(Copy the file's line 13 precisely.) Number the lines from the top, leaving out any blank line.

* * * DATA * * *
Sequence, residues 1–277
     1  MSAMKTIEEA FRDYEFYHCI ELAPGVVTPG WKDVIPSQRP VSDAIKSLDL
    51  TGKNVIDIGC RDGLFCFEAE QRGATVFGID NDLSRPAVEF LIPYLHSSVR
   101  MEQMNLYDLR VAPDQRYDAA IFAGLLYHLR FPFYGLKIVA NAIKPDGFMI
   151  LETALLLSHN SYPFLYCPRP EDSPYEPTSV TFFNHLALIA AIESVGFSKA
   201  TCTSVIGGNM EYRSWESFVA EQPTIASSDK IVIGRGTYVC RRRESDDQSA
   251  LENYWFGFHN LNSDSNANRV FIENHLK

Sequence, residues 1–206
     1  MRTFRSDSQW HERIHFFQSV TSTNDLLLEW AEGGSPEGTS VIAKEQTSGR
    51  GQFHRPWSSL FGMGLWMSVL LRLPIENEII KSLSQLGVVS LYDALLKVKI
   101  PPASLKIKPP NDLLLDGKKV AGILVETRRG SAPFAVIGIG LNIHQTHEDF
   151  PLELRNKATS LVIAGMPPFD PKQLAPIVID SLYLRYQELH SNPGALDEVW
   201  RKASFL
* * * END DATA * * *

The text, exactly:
   201  RKASFL